Please join CSU as we welcome our guest speaker Setha Low and moderator Lance J. Brown on Thursday October 5, 2023, from 12-1pm ET for our next Green Books Event of 2023! The event will be held on Zoom.

Public spaces — where people from all walks of life play, work, meet, talk, read, think, debate, and protest — are vital to a healthy civic life. And, as the eminent scholar of public space Setha Low argues in Why Public Space Matters, even fleeting moments of visibility and encounter in these spaces tend to foster a broader worldview and our willingness to accept difference. Such experiences also enhance flexible thinking, problem solving, creativity, and inclusiveness. There are many such spaces, but they all enhance social life. Sidewalks and plazas offer business opportunities for small-scale entrepreneurs who cannot afford store space. Public parks have long provided major cultural attractions, from plays to concerts, at little or no cost to the public. Central squares have a storied tradition as arenas for demonstrations and political protests. Parks and waterways create sustainable greenways, and during disasters, all manner of public spaces become centers for food delivery and shelter. To illustrate their value, Low draws from decades of research in public spaces across the Americas, from New York to Costa Rica.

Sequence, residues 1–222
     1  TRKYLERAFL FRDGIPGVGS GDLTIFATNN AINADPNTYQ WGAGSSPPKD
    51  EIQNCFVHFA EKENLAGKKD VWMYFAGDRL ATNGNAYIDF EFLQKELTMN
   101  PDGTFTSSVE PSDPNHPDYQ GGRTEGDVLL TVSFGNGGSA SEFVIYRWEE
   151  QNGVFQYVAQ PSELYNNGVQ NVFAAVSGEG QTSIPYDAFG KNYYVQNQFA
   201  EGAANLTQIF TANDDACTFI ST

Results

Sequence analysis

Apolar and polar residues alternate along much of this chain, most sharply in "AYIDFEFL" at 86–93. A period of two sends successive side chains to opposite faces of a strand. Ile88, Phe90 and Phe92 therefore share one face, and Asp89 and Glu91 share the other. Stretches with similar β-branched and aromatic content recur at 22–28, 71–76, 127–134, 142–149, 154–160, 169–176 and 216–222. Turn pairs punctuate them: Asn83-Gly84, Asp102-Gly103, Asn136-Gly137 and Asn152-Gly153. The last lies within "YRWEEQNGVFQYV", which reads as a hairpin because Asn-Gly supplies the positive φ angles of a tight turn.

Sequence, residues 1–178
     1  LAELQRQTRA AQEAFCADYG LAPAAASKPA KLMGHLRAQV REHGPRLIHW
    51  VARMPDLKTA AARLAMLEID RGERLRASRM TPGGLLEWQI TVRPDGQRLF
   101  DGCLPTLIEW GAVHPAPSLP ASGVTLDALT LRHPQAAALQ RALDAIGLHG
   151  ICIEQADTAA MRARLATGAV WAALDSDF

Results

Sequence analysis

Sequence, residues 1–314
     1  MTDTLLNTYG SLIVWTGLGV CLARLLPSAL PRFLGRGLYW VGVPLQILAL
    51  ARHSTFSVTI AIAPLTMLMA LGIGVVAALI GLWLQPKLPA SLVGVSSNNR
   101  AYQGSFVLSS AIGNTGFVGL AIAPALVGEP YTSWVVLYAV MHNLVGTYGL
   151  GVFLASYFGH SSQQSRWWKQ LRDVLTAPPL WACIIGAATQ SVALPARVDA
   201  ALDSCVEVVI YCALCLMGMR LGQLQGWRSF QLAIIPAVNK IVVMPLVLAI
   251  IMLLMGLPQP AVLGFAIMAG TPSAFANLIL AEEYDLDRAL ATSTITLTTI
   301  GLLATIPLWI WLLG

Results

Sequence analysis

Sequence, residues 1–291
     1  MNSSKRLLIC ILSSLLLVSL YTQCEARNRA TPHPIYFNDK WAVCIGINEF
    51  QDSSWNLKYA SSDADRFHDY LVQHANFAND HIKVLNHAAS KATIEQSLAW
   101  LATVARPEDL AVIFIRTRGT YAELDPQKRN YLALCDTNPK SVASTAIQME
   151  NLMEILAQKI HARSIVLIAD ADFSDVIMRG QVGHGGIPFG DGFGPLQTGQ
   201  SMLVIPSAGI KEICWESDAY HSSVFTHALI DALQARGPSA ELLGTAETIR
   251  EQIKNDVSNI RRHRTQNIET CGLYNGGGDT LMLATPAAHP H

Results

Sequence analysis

Yet we are losing public spaces to accelerated urban development and the belief that public spaces are expendable. Just as important is the broad-scale and ongoing privatization of public space by corporate actors. Low explores why public spaces matter today, how they are at risk, and what we can do about protecting these essential places that support our everyday lives. Finally, she shows how we can work to promote public space protection and expansion at both the grassroots and global levels. Throughout, she focuses on real public spaces and the people who use them in cities and regions across the Americas, from New Jersey to Costa Rica. A powerful, defining statement on a foundational contributor to healthy civic life, Low’s book not only details what we are at risk of losing, but shows us how we can not only stop the losses, but work to expand the number of spaces available to the public.

Event Recording

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Setha Low received her PhD in Cultural Anthropology from the University of California, Berkeley. She started her career as an assistant and associate professor of Landscape Architecture and Regional Planning, City and Regional Planning, and Anthropology at the University of Pennsylvania. Dr. Low is currently distinguished professor of Environmental Psychology, Geography, Anthropology, and Women’s Studies, and director of the Public Space Research Group at the Graduate Center, City University of New York. She is widely published, with more than a hundred articles and chapters, and lectures internationally.